EYFS Profile fails nearly 60% of children in pilot

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The new Early Years Foundation Stage Profile (EYFSP) was introduced in September 2012. The new Profile made changes to the way children are assessed at the end of the EYFS (the end of academic year in which a child turns five).

A report by the government describes the  results of the EYFSP pilot, which took place in the summer term of 2012, and shows that only 41% of the 20,000 children reached the “Good Level of Development” in the prime areas of learning; personal, social and emotional development, physical development, communication and language, and in the specific areas of maths and literacy. This covers 12 of the 17 early learning goals in the revised EYFS.

Megan Pacey, chief executive of Early Education, said it would be at least two years before it would be possible to see if the system worked.

“The statistical data makes for interesting reading, but it is difficult to compare and contrast between the previous EYFS profile and this EYFS profile data because we’re not comparing apples with apples,” she said.

“What we do know is that children will be defined as having reached a Good Level of Development against the EYFS goals and the expectations of some of those goals have changed substantially under the revised EYFS.

“It remains to be seen whether, for example, some of the mathematics early learning goals have been set at an appropriate level and whether the expected levels of development for children of this age are appropriate or not.”

Early years providers will be expected to carry out the first EYFS profiles assessments including the Good Level of Development measure this summer

The report was produced to support the introduction of the new Profile from September, and can be downloaded here.

It’s key findings are sumamrised as:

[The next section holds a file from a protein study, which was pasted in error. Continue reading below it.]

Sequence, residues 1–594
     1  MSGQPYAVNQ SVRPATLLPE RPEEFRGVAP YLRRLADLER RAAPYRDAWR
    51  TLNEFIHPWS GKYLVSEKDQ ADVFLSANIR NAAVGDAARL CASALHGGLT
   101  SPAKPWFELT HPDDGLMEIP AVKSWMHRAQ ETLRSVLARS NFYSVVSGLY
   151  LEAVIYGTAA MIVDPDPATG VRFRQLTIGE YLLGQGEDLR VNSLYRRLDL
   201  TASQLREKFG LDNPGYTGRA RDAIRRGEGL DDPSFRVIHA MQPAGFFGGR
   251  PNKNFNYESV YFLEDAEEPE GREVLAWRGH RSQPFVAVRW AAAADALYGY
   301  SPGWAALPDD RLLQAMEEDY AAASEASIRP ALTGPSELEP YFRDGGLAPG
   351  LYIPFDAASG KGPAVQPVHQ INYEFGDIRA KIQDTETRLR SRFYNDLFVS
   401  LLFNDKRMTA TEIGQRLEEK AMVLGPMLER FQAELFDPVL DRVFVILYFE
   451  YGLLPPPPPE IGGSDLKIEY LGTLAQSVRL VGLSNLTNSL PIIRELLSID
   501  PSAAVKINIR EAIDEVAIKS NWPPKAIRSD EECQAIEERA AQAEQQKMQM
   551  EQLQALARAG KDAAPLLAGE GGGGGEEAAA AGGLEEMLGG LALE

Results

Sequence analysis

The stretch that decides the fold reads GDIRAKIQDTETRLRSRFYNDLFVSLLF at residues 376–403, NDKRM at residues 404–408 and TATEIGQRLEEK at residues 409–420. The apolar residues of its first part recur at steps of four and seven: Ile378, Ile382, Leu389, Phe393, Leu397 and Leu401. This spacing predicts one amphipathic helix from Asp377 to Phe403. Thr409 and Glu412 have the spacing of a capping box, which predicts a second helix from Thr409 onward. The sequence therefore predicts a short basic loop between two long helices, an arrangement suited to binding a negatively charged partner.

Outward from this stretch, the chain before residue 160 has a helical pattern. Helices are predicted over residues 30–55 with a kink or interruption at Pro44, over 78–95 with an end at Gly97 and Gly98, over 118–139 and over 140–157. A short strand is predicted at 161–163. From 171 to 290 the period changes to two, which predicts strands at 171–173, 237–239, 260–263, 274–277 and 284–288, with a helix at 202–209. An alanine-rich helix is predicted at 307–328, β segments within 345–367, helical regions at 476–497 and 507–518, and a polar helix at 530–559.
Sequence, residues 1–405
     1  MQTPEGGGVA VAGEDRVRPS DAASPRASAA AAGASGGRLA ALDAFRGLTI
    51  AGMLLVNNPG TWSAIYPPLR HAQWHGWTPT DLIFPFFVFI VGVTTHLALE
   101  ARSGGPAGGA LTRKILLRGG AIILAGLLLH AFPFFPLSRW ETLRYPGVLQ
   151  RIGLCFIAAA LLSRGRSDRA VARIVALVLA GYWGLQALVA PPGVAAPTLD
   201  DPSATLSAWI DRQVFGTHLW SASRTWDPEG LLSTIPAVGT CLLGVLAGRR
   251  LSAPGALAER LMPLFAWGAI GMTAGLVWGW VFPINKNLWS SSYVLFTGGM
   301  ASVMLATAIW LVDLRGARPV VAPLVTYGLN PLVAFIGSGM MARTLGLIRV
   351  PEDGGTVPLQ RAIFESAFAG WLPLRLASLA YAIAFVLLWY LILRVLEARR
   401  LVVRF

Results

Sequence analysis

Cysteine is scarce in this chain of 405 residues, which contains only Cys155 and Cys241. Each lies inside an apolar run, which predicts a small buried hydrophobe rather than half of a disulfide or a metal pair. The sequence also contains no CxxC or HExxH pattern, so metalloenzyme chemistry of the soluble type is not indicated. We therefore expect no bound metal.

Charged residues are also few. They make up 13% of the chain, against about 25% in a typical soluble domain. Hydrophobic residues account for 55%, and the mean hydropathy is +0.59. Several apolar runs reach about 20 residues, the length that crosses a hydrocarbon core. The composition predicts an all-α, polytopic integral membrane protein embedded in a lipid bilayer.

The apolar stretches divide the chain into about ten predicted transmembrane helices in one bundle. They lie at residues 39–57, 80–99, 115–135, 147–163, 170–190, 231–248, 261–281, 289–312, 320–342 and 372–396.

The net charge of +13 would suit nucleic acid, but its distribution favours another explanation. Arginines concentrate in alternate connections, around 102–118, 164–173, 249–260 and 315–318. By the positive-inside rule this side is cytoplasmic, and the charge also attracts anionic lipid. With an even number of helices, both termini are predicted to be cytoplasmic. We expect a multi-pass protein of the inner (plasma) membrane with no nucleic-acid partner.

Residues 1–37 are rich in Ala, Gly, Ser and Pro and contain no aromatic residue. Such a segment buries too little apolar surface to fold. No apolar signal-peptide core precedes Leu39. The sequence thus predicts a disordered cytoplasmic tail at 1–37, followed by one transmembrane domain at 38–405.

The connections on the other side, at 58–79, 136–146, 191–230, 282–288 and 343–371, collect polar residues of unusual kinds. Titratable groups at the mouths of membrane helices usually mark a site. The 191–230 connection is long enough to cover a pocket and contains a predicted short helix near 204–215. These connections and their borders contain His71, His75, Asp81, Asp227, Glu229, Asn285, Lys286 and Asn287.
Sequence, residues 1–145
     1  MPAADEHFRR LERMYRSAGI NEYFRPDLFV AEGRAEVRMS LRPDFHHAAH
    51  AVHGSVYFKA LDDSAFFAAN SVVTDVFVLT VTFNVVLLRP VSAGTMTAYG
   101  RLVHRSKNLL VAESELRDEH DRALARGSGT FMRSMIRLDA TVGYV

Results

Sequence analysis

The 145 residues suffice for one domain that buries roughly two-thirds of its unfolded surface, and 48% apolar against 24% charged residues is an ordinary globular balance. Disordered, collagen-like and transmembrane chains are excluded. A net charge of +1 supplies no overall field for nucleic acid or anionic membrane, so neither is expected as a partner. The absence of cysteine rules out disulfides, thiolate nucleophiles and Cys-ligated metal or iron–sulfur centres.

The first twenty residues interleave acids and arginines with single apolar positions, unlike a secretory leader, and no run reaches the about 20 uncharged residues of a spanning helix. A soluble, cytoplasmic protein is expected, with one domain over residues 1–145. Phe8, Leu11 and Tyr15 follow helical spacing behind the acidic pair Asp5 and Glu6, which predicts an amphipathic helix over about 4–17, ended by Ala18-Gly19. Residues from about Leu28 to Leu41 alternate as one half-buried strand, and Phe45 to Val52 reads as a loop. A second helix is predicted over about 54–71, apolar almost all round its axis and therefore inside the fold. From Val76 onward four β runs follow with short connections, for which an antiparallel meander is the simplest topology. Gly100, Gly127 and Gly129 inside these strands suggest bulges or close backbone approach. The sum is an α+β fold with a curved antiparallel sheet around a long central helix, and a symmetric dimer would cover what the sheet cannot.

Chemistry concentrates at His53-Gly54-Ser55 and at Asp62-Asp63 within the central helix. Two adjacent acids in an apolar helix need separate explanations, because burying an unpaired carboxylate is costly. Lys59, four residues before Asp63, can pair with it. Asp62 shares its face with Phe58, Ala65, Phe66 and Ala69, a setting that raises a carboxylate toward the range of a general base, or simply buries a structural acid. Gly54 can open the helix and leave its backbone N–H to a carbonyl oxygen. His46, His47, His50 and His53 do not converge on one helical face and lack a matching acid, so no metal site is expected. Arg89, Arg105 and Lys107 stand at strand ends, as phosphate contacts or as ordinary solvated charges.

• 41% of children were assessed as achieving a GLD.
  • The total average point score (1) was 32 points.
  • Gaps by characteristics for example by gender and free school meals (FSM) were wider in the new GLD than the old GLD (2)
  • The widest gaps in the proportion of children achieving the expected level in all of the eight ELGs within the three prime areas of learning was between children whose first language is English and children whose first language is other than English. The gap was 19 percentage points.
  • 61% of children achieved the expected level in all of the prime areas of learning.
  • Across the 17 early learning goals (ELG), performance ranged from 58% of children achieving (3) the expected level of development to 89% of children achieving the expected level of development. The highest performing ELG was health and self-care and the lowest was numbers.
  • All ELGs in the new Profile have statistically significant (4) relationships with each other. This means that if a child performs well in one ELG they are also likely to perform similarly in other ELGs. The strength of each of these relationships is detailed in sections 2.9 and 4.2.
  • The difference between the lowest and highest performing LA was greatest in the numbers and shape, space and measures ELGs.